to leverage cultural knowledge and make culturallysensitive recommendations to influence strong outcomes. There are a number of opportunities along the export journey when a cross-cultural advisor can be invaluable

The right cross-cultural advice provides your business

to your efforts and help you save time and stay on budget.

with more options and fresh opportunities to develop

This includes the preliminary stages when a business has

international business efficiently and effectively in multi-

identified a commercial opportunity in a target market but

cultural settings. The cultural awareness gained can

is not familiar with the ‘ways’ of business.

potentially save you time, help broaden partnership

Behaviours and traditions influence concepts such as gender balance in many markets and may impact how to approach such a market rather than if to approach the

prospects and impact positively on your export strategy budget. Ultimately, cross-cultural consultants are the bridge between the strategic focus of the business and the

market at all. When planning in-market visits – an essential part

necessary and essential interpersonal acumen – that

of the export strategy – a cross-cultural advisor can

is, relationships or communication between people –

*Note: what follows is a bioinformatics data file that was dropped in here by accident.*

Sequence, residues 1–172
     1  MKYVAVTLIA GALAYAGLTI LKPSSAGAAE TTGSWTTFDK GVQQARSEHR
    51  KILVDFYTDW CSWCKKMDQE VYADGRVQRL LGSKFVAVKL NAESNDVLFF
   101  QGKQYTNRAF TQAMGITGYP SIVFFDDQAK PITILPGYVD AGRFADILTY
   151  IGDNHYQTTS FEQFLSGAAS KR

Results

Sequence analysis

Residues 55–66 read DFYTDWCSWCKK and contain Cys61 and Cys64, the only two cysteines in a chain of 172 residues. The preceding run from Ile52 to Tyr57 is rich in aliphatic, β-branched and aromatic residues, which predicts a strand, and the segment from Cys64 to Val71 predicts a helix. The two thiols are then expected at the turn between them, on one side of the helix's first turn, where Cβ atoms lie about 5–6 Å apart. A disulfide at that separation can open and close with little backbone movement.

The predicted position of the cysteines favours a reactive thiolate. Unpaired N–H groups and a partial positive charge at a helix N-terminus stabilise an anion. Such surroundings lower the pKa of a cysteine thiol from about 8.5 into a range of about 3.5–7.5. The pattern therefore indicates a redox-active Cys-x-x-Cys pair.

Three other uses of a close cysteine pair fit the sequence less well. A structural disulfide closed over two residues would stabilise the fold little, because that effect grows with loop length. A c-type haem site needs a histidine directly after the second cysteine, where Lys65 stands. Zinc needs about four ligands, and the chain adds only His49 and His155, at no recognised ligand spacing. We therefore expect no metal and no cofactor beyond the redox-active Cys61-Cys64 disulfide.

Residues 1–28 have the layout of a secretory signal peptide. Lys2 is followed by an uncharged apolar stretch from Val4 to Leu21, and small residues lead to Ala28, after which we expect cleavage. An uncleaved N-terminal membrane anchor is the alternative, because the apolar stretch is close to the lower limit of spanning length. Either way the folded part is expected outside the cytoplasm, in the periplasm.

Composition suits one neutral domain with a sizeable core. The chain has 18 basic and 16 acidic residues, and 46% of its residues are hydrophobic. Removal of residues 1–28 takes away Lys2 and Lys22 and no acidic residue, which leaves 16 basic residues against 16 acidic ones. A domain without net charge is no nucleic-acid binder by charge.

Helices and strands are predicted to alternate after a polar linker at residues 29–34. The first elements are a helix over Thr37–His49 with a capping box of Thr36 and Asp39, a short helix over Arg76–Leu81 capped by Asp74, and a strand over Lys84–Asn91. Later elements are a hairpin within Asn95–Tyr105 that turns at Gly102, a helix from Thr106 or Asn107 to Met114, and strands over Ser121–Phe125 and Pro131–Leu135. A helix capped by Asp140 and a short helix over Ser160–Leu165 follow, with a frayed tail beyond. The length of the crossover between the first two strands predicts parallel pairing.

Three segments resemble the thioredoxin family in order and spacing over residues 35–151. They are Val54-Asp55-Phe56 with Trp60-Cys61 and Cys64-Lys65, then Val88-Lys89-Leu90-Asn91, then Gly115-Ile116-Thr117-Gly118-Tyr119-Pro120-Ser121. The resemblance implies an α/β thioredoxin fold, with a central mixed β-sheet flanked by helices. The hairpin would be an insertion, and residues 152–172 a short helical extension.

‘Being culturally open and aware is important in the export journey’

broaden your

required in cross-cultural scenarios. They are valuable

awareness of

‘cultural ambassadors’ for your business and their insights

what to expect

and knowledge can help exporters optimise their foreign

at your chosen

market strategy.

destination,

Agencies such as Austrade, your State’s International

what potential

Trade and Investment Office, Export Council of Australia

logistical

and Efic can help exporters establishing a solid framework

challenges

for an export plan.

you might find that will impact the number of visits you

By adding a cross-cultural advisor to the mix, businesses

may need to make and other budget considerations.

set for themselves a solid foundation to ensure their

They should also be able to gain insights into your team